It's not just 50-mph winds that endanger them as they try to concentrate on filming practice perched 25 feet in the air. There also is lightning. Even normally sensible football coaches can lose their good sense when it comes to the job at hand, a coach such as Hall of Famer Chuck Noll.

Typically, Noll continued to practice at Saint Vincent College training camp as a thunderstorm would arrive. He would often say that he could tell how far the lightning was by counting between the flash and the thunderclap. All practices are taped -- filmed back then -- by those largely anonymous guys atop what then was scaffolding and now are mechanical lifts.

Art Rooney Jr., Dan's brother, headed the Steelers personnel department until the mid-1980s and his son, Mike, filmed many a summer practice. Art has told the story of how one day, a thunderstorm began during a training camp practice.

As practice wound down, the lightning got more severe. Artie walked over to the scaffolding and called for his son to come down to safety. Mike packed up his camera and began climbing down. Noll, seeing this, ran over and shouted for Mike to "get back up there" because practice wasn't over and he wanted film of it.

Art Rooney Jr. said he turned to Noll and said, "You want film of this practice, send YOUR son up there!"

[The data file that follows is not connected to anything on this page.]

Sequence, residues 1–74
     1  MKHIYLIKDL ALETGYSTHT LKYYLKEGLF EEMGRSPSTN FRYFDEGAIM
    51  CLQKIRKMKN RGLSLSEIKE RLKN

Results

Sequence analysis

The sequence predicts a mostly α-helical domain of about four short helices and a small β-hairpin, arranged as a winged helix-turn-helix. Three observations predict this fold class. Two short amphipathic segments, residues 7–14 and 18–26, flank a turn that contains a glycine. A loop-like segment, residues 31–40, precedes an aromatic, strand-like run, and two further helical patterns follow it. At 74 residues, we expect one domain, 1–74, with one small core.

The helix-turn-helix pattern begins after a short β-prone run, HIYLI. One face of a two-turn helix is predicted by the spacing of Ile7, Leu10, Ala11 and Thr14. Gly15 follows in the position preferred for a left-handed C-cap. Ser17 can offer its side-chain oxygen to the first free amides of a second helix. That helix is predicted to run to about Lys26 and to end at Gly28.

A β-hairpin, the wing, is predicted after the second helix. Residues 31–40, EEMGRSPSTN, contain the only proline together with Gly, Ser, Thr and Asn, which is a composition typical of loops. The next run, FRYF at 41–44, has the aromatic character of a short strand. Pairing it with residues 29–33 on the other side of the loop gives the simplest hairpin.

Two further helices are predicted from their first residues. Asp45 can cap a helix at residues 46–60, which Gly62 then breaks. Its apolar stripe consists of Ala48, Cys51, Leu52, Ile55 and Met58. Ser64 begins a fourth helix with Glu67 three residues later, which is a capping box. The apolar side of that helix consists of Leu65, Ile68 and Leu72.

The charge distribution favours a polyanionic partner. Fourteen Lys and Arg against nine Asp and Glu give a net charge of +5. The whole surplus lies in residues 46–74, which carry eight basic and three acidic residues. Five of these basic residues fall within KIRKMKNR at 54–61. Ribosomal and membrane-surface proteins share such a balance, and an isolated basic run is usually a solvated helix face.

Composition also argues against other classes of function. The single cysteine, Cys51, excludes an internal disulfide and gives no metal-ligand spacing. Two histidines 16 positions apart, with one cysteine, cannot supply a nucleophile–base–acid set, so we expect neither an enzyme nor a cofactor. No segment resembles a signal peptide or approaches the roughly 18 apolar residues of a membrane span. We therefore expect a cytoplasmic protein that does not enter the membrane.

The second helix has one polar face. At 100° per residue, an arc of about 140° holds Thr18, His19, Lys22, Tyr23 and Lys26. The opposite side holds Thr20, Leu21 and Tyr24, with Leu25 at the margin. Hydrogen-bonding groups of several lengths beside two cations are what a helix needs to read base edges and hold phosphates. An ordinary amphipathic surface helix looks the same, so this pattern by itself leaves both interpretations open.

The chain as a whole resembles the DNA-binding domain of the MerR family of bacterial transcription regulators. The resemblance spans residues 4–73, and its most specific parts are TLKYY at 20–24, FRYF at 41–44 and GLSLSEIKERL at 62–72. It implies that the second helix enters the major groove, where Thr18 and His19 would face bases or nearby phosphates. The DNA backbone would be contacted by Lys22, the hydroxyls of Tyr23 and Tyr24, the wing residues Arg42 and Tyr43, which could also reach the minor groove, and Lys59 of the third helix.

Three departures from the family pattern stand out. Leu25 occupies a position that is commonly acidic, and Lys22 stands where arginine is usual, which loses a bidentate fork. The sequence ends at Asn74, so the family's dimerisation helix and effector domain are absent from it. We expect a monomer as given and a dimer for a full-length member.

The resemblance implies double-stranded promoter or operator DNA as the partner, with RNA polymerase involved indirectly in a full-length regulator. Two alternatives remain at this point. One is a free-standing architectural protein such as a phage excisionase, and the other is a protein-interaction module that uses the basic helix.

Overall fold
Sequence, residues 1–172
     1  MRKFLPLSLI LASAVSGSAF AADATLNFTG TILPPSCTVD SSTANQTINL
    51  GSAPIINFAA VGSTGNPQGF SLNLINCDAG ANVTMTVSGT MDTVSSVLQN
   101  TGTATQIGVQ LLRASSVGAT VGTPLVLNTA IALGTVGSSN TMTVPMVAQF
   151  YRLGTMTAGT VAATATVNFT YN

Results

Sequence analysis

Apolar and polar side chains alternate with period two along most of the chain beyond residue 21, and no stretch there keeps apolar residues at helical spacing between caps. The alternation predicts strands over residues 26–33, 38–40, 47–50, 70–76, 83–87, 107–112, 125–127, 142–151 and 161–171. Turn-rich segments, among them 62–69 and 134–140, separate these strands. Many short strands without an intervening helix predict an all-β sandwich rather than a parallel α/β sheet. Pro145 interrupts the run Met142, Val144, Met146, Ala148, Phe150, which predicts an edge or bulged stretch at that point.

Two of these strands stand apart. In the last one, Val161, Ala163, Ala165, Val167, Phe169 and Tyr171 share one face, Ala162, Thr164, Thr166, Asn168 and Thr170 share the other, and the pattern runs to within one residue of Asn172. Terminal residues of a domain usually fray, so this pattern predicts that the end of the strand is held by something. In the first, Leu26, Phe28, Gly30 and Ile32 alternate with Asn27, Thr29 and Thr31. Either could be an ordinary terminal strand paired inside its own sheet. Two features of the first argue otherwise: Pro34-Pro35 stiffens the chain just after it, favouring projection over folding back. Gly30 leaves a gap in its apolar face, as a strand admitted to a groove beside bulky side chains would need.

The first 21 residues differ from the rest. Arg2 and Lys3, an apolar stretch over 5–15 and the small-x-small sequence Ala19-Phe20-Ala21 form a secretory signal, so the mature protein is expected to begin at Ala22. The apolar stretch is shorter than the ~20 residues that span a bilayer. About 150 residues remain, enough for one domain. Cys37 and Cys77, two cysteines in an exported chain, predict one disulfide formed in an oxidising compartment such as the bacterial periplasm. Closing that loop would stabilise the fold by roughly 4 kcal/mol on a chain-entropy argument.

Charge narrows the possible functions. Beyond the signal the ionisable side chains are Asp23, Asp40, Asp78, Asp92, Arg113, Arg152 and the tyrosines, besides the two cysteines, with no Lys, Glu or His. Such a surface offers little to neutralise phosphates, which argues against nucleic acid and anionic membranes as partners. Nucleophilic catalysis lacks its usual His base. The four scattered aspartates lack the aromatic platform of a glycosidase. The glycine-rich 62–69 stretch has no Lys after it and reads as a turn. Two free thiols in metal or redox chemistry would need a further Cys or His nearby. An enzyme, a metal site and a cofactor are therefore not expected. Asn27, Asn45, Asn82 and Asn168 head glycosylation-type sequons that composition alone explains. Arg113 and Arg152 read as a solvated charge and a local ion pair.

A Board of review
Noll was criticized for keeping Dwight White one year too long and releasing Dwaine Board to do so in 1980. Board was a fifth-round draft pick in 1979, a promising defensive lineman who, after the Steelers released him, went to San Francisco and played a big role for those 49ers Super Bowl teams. It was not until later that Noll's decision on that personnel move came into question.

Will history judge the Thaddeus Gibson release (and arrival on the 49ers roster) in a similar vein?

It is rare when the Steelers release someone and that player goes on to bigger and better things, one reason the White/Board example from 30 years ago comes up. They've missed people in the draft, they've allowed a few free agents to flourish elsewhere (Mike Vrabel), but rarely do others benefit much from their cuts. Maybe Thaddeus Gibson will become the next Dwaine Board. Or maybe he will become the next Anthony Smith.